Americans Still Not Eating Enough Fruits and Vegetables
According to two recent studies in the American Journal of Preventive Medicine
San Diego, March 19, 2007 – "Eat your vegetables" has been heard at the dinner tables of America for a long time. Has the message gotten through? Since 1990 the Dietary Guidelines for Americans has recommended consuming at least two servings of fruits and three servings of vegetables daily. However, two studies published in the April issue of the American Journal of Preventive Medicine clearly show that Americans are not meeting the mark. This is a serious public health concern because consuming a diet high in fruits and vegetables is associated with decreased risk of obesity and certain chronic diseases, such as cardiovascular disease, diabetes and some cancers.
Researchers from the Johns Hopkins School of Public Health and the Welch Center for Prevention, Epidemiology, and Clinical Research in Baltimore analyzed NHANES data (National Health and Nutrition Examination Surveys) to determine trends over time for fruit and vegetable consumption among American adults. The answers are not encouraging. Despite campaigns and slogans, Americans have not increased their consumption, with 28% and 32% meeting USDA guidelines for fruits and vegetables, respectively, and less than 11% meeting the current USDA guidelines for both fruits and vegetables.
The study included 14,997 adults (≥18 years) from 1988 to 1994 and 8,910 adults from 1999 to 2002 with complete demographic and dietary data. Approximately 62% did not consume any whole fruit servings and 25% of participants reported eating no daily vegetable servings. There was no improvement in Americans' fruit consumption during this period and there was a small decrease in vegetable intake.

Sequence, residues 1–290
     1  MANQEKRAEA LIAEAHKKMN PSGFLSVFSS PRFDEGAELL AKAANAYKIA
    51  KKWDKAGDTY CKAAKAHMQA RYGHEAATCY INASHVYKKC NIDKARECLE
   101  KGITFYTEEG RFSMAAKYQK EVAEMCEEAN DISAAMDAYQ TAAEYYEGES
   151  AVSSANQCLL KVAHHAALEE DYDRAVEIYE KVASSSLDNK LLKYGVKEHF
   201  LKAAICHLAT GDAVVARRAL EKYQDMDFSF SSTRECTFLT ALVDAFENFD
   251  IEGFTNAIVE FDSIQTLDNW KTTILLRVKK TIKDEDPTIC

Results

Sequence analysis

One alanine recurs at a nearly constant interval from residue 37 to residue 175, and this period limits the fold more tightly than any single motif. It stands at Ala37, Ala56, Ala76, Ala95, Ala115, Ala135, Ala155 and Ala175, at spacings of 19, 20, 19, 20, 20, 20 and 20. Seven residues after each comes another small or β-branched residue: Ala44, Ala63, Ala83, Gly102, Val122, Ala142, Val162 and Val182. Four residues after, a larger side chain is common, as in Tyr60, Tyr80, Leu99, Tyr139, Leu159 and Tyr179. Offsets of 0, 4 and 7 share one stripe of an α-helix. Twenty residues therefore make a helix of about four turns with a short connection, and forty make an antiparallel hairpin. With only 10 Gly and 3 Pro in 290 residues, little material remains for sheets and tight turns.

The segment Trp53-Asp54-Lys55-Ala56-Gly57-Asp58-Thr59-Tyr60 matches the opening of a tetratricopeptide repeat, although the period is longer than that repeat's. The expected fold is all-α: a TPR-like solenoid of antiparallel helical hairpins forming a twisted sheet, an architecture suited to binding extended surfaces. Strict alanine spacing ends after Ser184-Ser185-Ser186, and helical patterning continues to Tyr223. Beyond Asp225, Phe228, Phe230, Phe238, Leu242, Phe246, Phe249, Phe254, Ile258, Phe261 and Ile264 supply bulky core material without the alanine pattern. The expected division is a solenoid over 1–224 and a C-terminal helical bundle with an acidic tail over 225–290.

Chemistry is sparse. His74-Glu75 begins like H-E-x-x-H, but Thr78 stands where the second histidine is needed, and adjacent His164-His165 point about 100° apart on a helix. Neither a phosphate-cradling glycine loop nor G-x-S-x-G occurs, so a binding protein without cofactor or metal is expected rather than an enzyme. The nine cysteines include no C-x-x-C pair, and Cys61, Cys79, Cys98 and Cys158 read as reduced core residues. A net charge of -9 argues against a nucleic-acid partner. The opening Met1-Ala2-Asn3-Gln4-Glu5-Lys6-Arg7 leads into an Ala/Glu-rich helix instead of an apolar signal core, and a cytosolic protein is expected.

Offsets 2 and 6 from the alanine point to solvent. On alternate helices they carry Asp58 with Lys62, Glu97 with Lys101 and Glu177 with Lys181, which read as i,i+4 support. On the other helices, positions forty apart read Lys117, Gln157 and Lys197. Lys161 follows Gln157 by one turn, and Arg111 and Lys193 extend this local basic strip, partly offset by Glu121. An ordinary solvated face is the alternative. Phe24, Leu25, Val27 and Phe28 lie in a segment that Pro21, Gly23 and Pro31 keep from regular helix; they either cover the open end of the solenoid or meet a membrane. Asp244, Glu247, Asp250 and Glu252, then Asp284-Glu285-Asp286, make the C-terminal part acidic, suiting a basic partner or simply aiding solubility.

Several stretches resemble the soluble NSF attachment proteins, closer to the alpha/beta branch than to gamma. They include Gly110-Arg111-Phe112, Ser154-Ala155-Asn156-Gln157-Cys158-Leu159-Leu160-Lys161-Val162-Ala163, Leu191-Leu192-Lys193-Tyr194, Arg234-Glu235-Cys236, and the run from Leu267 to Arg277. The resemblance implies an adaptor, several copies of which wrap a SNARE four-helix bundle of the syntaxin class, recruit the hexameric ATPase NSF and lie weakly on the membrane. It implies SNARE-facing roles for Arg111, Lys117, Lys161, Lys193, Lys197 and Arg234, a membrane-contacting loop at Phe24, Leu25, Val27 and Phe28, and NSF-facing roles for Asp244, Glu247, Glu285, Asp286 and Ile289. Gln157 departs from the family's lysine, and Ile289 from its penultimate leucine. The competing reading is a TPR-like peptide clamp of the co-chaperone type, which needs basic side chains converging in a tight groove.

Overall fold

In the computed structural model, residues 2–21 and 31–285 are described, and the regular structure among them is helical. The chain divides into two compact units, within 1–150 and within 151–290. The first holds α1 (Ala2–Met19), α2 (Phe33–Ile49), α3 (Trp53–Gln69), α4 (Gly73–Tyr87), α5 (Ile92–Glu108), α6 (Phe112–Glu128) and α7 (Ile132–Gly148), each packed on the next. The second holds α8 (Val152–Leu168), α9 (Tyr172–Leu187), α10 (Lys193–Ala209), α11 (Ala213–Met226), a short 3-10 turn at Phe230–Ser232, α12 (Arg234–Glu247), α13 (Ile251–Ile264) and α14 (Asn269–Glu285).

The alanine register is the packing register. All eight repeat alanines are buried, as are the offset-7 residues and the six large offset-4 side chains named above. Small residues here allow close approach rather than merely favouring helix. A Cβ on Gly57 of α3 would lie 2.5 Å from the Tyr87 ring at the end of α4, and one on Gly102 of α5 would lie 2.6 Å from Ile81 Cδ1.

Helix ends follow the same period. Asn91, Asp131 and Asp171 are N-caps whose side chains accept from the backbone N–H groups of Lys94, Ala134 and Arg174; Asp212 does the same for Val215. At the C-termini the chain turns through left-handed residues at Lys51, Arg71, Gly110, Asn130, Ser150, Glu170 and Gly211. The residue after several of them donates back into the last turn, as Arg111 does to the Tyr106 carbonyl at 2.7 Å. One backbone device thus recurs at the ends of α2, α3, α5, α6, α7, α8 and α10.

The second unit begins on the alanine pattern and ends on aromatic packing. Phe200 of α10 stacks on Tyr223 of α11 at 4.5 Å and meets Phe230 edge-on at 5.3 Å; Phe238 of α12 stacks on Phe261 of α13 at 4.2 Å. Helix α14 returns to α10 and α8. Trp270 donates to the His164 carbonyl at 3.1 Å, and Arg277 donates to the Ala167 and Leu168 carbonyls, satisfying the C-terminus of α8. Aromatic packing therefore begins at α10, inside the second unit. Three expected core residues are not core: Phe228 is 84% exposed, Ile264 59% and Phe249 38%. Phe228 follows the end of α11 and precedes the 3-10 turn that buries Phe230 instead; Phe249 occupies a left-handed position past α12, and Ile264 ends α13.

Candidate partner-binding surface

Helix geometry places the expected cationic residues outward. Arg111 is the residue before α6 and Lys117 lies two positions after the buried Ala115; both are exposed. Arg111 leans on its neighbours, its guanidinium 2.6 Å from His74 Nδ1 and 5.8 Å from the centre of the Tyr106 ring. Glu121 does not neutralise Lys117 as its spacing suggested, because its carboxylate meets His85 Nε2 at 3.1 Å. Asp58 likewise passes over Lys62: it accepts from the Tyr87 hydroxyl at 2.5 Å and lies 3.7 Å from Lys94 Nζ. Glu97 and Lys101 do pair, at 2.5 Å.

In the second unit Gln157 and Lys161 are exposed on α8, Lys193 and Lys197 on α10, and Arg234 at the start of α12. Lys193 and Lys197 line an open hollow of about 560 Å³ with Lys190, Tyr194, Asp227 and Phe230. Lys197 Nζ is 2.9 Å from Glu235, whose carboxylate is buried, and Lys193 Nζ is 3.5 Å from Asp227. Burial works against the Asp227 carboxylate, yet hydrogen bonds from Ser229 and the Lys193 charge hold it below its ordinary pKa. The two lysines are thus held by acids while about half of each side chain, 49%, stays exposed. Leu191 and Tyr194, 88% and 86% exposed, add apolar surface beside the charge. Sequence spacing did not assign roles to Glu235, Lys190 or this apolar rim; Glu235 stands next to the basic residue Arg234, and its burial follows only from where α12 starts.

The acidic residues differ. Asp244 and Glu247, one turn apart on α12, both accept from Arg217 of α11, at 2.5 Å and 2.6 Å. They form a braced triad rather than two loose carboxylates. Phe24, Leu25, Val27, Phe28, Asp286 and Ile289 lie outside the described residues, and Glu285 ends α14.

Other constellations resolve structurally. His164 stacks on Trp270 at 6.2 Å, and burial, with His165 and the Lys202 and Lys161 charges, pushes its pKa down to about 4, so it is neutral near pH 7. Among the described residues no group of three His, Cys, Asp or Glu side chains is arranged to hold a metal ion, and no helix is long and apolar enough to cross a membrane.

In the article, Tiffany Gary, PhD, states, "Low fruit and vegetable consumption with no indication of improvement between 1988 and 2002 as well as consumption disparities across ethnic, income, and educational groups should alarm public health officials and professionals. With two thirds of the U.S. adult population overweight or obese, the implications of a diet low in fruits and vegetables are extensive…New strategies, in addition to the 5-A-Day Campaign, are necessary to help Americans make desirable behavioral changes to consume a healthy diet that includes a variety of fruits and vegetables."
Previous studies have shown a disparity in the diets of blacks and whites, as well as a more serious disparity in the incidence of heart disease, cancer and stroke. A second article published in the April issue of the American Journal of Preventive Medicine examined whether the diets of non-Hispanic blacks have improved relative to the diets of whites.